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Which banks are too big for their borders? Monsters remain unleashed

Bank chiefs have finally accepted that their hopes of a level regulatory playing field will remain forlorn. US bankers are up in arms about Europe’s treatment of risk-weighted assets. Europe’s banks face a fault line, where they operate internationally but risk being penalized for the relative size of their balance sheets to national GDP. What does the future hold for banks that could be too big for their borders? Peter Lee reports.

Which banks are bursting out of the seams of their national economies?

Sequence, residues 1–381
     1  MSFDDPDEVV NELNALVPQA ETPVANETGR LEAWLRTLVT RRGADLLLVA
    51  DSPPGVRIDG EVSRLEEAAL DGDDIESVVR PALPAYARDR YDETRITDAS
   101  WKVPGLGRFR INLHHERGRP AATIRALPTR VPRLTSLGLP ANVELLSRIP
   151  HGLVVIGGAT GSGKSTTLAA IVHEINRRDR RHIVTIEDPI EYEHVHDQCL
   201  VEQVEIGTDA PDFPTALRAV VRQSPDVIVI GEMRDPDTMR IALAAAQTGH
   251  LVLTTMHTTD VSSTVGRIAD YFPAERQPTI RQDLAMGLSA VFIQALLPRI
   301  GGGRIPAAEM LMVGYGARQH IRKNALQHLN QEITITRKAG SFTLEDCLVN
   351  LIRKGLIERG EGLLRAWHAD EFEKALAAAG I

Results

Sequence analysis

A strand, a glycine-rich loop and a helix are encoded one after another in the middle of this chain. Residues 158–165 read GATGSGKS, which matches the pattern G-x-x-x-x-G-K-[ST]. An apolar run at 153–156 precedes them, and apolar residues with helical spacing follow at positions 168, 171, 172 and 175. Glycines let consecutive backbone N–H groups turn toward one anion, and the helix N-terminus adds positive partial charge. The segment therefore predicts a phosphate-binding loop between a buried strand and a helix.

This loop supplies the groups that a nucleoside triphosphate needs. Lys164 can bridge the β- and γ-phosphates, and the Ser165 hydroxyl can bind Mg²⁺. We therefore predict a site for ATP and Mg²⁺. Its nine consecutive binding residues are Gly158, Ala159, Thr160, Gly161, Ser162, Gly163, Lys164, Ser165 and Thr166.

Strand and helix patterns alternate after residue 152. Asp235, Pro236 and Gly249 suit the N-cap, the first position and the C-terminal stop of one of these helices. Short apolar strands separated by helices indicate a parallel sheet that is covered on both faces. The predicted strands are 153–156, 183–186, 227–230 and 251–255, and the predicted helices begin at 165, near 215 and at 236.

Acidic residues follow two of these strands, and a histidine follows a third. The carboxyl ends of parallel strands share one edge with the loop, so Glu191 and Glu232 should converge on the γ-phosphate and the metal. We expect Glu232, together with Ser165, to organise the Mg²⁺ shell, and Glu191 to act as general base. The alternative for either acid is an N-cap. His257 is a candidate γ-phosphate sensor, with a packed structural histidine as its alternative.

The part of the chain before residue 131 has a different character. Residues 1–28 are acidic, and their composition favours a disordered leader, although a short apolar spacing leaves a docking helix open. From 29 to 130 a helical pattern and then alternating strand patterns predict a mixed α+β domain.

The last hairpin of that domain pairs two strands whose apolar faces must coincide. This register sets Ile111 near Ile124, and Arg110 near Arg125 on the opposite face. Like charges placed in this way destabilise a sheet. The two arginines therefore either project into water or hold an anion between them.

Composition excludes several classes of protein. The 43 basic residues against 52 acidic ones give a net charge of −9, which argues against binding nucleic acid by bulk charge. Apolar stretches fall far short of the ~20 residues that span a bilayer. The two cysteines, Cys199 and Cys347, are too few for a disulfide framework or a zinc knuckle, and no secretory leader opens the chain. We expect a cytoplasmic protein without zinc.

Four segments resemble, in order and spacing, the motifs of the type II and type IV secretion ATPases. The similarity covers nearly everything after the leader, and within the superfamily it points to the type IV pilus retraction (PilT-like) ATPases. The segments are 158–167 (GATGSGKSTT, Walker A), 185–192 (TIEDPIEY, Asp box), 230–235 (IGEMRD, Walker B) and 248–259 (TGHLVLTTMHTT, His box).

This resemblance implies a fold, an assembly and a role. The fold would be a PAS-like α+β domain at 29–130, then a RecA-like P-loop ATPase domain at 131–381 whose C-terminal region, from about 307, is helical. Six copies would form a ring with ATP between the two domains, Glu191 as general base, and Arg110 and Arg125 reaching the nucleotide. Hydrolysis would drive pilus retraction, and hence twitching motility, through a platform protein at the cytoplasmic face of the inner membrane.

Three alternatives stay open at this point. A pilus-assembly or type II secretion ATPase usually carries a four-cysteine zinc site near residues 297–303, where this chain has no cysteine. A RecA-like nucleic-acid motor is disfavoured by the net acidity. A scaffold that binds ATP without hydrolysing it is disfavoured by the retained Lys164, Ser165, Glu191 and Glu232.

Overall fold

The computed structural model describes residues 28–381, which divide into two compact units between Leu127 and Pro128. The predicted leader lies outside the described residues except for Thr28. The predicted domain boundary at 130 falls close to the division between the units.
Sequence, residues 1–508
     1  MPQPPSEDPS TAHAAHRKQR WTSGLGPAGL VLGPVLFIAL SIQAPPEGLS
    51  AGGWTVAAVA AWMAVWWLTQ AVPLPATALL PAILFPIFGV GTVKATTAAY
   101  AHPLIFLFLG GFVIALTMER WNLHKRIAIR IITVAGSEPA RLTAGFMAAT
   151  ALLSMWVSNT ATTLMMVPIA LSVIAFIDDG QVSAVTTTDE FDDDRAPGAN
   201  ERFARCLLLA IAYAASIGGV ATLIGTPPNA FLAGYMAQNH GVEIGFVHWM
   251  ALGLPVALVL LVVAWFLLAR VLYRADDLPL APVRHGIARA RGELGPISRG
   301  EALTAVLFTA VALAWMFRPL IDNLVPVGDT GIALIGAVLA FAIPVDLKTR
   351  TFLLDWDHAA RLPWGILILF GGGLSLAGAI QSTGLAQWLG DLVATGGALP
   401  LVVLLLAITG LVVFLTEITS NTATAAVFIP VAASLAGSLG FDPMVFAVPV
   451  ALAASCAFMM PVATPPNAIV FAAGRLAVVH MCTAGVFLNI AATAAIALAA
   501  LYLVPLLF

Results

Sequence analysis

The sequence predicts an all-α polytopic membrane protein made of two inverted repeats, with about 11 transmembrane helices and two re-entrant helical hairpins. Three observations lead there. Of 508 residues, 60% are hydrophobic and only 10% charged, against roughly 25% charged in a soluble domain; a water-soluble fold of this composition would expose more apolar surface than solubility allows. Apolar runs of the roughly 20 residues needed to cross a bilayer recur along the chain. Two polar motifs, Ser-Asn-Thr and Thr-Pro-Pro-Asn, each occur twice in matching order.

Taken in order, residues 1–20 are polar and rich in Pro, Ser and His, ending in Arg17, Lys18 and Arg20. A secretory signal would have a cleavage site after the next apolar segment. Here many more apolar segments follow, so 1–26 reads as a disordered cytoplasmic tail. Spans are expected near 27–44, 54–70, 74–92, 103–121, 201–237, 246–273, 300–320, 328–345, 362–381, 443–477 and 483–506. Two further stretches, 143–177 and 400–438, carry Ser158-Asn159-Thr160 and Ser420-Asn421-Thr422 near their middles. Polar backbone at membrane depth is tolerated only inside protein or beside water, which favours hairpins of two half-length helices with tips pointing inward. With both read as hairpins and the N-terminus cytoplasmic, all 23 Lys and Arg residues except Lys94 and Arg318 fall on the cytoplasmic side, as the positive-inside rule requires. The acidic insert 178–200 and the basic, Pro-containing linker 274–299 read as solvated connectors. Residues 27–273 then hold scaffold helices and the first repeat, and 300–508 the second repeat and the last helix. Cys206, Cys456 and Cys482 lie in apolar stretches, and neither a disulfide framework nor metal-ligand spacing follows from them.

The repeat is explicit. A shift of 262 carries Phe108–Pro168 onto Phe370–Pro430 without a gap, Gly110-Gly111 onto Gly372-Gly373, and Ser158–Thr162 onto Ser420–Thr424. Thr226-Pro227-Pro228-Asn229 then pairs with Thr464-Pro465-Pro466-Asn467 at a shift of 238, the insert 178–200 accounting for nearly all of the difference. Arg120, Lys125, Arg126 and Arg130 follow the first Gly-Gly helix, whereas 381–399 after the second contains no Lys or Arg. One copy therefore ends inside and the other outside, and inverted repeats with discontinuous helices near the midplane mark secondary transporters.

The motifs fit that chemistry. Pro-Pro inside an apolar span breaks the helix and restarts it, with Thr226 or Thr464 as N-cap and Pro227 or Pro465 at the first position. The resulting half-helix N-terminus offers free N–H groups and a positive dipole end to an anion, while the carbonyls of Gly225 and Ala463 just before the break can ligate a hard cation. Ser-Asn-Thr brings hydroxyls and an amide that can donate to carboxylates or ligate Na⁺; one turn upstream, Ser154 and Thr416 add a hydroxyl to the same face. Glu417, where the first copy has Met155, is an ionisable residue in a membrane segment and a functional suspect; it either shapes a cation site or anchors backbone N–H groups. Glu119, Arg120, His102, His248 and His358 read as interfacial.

AS THE CONCLUSION now fast approaches of a period of far-reaching and profound change in regulation of the global banking industry, worries abound that the results will be disappointing and even counter-productive. The manifold failures of a complacently regulated financial system incapable of judging credit or liquidity risk certainly needed to be addressed after the catastrophes of 2008 and 2009. The fear now, though, is that regulators have tried to do too much all at once, that new rules will fail in their key purpose of making the system safer and that inconsistent application by national regulators of rules agreed in principle by G20 governments will unfairly distort the market for financial services in undesirable ways. It is this last worry – the creation of an unlevel playing field – that seems to most vex bank executives from regions that suffered the worst setbacks in the crisis: the US and Europe. In private US bankers throw doubt on European banks’ disclosures of the true levels of their non-performing loans, as well as on their calculations of risk-weighted assets and on national regulators’ willingness to keep them honest.

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